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Quick Overview

MecSimCalc is a platform that simplifies the building and sharing of Python apps on the web. In a matter of minutes, you can transform any snippet of Python code to a computational app available instantly to the entire world wide web.


MecSimCalc gives you all the tools to build a modern online app without having to learn web programming languages, such as HTML, CSS, or Javascript.

In this documentation, the term developer is used to refer to the person who is developing an app on the platform, while the term user is used to refer to the person who would be using the app after development.

Step 1: Info​

In the Info step, the developer specifies the app's name, description, category, and tags. This information can later help users to search and find the app. The developer can also upload different images of the app to appear in MecSimCalc search results.

Who can use your app?​

The default setting is that Anyone can use your app! (Apps are also searcheable on Google). You can restrict access to your app by sharing it with only the people you want!


🏆 This is a premium feature

ℹī¸ Note: You can only manage who has access to your app if you have a premium account, but your access settings WILL NOT CHANGE if you revert back to the free account!

  1. When editing your app select 'Only accounts you give access to' from the dropdown options. img alt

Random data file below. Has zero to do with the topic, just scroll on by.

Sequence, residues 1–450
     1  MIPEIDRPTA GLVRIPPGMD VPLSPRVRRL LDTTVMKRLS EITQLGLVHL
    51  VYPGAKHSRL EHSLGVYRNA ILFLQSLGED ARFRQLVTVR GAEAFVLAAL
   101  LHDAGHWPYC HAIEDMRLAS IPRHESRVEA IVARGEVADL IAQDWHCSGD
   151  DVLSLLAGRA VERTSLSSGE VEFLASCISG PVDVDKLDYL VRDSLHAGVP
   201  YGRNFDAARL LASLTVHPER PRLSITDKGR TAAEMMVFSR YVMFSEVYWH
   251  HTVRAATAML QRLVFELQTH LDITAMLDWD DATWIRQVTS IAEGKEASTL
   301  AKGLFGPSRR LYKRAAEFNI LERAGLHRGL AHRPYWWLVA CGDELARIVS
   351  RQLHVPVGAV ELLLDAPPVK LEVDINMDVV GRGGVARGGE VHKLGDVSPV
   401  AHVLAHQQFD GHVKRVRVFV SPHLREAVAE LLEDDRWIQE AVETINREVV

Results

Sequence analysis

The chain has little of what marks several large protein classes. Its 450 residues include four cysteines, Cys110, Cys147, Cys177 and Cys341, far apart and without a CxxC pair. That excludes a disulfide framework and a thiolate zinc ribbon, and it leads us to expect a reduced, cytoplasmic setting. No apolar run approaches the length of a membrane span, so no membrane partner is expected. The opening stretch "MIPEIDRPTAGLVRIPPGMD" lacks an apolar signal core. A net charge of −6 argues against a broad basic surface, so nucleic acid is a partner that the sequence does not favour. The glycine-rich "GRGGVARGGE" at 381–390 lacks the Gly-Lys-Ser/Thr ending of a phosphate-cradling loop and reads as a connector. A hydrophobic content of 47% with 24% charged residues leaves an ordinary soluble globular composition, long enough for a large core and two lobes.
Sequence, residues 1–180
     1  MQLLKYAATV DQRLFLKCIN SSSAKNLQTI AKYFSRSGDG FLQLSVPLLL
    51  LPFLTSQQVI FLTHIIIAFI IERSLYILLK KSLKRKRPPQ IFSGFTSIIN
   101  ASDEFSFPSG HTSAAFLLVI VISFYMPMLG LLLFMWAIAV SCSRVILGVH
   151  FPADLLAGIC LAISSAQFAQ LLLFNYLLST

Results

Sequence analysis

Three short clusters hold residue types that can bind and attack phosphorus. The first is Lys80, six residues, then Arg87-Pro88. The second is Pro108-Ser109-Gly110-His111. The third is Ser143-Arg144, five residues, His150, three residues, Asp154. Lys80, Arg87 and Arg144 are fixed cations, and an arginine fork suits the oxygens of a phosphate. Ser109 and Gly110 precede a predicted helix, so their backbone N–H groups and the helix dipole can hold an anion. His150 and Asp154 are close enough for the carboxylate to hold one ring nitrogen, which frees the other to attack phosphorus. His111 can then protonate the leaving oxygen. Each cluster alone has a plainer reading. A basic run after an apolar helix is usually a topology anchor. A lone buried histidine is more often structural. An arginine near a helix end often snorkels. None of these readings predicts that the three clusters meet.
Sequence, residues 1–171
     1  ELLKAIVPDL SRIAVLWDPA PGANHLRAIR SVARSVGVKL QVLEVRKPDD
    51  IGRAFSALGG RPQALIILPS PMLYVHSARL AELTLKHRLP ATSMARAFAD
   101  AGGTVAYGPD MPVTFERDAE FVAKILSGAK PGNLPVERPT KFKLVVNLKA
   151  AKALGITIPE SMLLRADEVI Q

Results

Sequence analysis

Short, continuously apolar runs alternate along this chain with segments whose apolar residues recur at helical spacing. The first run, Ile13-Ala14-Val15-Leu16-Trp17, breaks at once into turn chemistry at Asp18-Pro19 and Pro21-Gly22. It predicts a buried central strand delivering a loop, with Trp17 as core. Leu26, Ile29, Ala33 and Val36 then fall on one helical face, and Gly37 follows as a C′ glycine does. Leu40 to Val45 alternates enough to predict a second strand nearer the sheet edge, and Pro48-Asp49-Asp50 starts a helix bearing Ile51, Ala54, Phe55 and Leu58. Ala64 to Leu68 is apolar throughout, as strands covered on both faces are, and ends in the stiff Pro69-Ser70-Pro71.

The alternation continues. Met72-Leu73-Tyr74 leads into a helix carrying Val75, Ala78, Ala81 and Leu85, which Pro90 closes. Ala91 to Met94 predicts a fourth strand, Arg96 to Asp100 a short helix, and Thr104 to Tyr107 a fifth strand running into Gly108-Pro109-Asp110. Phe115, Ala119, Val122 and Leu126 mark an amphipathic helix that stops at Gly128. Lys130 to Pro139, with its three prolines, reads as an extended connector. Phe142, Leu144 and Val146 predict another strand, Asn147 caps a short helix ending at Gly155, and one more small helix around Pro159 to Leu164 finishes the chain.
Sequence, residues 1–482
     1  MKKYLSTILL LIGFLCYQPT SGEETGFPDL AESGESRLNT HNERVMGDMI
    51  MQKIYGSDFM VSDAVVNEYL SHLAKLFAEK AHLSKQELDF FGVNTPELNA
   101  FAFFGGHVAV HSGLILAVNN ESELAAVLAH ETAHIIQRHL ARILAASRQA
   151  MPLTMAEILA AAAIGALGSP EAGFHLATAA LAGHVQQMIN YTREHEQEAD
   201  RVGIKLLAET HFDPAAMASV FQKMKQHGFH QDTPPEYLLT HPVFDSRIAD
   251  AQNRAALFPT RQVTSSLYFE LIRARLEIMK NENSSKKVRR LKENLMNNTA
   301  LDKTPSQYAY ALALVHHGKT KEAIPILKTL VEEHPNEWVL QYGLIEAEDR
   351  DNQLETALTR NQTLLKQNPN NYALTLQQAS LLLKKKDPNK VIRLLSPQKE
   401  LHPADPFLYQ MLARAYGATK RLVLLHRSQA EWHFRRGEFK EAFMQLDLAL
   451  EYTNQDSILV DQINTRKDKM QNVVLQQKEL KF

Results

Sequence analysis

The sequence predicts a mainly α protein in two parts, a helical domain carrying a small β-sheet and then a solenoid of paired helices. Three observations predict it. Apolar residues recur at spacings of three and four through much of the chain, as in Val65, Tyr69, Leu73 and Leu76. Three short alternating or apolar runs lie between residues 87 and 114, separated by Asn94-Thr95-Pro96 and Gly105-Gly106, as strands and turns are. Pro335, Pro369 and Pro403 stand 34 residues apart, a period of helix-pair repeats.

2. You can then enter the user emails that you want to share your app with! invite users

Access is controlled by user email. If you share it with someone who doesn't have an account they will need to make one (with that email) in order to gain access to your app!


You must publish any changes you make to the access settings for them to be in effect!

Reviewing requests​

Sometimes users will request access to your app. You can click the "Review Requests" button to deal with any requests.
ℹī¸ Note: The button is disabled if there are no requests

You can then accept ✔ī¸ or decline ✖ī¸ the requests.
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Step 2: Inputs​

In the Inputs step, the developer specifies the types and format of the inputs required from the user to run the app. This step also allows the developer to preview and test how the inputs page responds to the user's input.

By clicking on the img alt button in the bottom right, the developer can add "input groups" and different types of inputs. "Input groups" are used to visually group the inputs, and must be added first before dragging inputs into the groups.

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The developer can then drag and drop any of the available input types such as numerical inputs, text inputs, file inputs, and others from the inputs menu and into the input groups. The different inputs within an input group can be arranged, resized, and moved using the mouse.

The following example shows two input groups: "Input Group 1" and "Input Group 2". "Input Group 1" has two numerical inputs with default values of 0 and 10 while "Input Group 2" has a text input with a default value of "DefaultText".

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The developer can navigate to the preview section to view how the input page appears to the user:

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When hovering over any of the added inputs, the edit button img alt appears allowing the developer to edit the input's type, variable name (to be used at the later steps), default value, precision for numerical inputs, and other settings.